Breaking From the Binary

Written on 07/27/2021
Jayme Tucker

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Last week we delved into some of the terms to describe the gender spectrum and some common terms used by and for non-binary people. There are a lot of myths about what makes somebody non-binary, so today, we’re going to unpack some of those.

You can’t be non-binary AND (a man/woman/trans/etc.): This was mentioned in passing last week, but anyone who is non-binary can certainly be an enby man or an enby woman or even be trans and non-binary. For some, those identities reflect the way they were raised and socialized as an AFAB or AMAB person, which impacts the way they navigate the world and trauma or barriers they may face.

You can tell someone is non-binary by the way they look: The common aesthetic of non-binary in mainstream media is often thin, white, and AFAB. This is but a small part of the vast, diverse community of non-binary people. The common image of a white AFAB as the non-binary ideal is damaging to AMAB enbies and non-binary people of colour. People who are non-binary do not owe the world androgyny and can look however they choose.

Non-binary identities is just a trend: Historically, being neither a man nor a woman, or being both, or not being anything has been around for thousands of years. The Egyptian pharaoh Hatshepsut was an AFAB royal who wore the traditional beard and wig of a male monarch. Third genders have existed in Indigenous and ancient Mesopotamian cultures for as long as there have been records to keep.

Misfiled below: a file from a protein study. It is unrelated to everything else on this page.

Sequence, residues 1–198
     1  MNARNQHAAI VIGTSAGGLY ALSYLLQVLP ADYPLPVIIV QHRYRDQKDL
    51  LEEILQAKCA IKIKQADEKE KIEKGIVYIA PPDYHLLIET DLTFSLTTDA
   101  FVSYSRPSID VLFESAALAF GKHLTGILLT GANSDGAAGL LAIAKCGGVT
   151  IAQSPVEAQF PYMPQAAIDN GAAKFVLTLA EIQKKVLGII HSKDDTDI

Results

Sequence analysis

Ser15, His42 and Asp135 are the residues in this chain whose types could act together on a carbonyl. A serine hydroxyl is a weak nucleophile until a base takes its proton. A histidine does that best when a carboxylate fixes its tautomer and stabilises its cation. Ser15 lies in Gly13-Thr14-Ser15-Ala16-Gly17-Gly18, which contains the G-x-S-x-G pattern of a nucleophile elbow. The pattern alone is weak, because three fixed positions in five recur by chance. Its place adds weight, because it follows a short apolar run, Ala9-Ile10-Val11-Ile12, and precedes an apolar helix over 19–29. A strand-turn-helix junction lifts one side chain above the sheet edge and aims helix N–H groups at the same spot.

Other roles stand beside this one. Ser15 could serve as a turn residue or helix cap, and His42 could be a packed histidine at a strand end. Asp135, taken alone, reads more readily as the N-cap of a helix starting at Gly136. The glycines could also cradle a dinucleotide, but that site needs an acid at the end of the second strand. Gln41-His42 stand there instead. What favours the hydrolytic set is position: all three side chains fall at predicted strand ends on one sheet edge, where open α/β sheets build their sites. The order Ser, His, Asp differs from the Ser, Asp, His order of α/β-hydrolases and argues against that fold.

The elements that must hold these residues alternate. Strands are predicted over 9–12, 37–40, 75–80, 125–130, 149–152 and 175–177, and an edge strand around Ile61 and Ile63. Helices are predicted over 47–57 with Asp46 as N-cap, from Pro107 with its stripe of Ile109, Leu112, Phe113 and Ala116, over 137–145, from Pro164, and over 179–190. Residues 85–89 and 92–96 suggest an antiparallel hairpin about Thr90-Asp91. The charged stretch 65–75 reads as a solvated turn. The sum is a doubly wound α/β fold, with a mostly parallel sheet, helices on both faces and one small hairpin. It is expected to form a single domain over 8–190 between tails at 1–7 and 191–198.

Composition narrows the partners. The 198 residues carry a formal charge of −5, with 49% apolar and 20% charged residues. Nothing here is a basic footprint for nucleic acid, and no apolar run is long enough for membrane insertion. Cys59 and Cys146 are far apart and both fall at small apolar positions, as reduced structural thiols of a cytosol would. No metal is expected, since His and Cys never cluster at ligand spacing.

This is all just confusing. Why do I have to learn all of this: While the amount of new information regarding the vast spectrum of LGBTQ+ may be overwhelming, a lot of the tips to be an ally boils down to being a nice person. Calling someone by their wrong name, misgendering them, and consistently opposing reasonable requests for respect by an enby or trans person can greatly damage relationships and contribute to depression and alienation. Breaking your language away from the gender binary (saying ‘folks’ instead of ‘ladies and gentlemen,’ deferring to ‘they,’ introducing yourself with your own pronouns, etc.) is something you likely do already (for example, when someone has lost a wallet), and it fosters greater inclusion for everyone, including the people in your life who are non-binary.

Next week we’re going to deep dive into pronouns, how to use them, and why they’re so important to get right!


(Image Credit: freepngimg.com)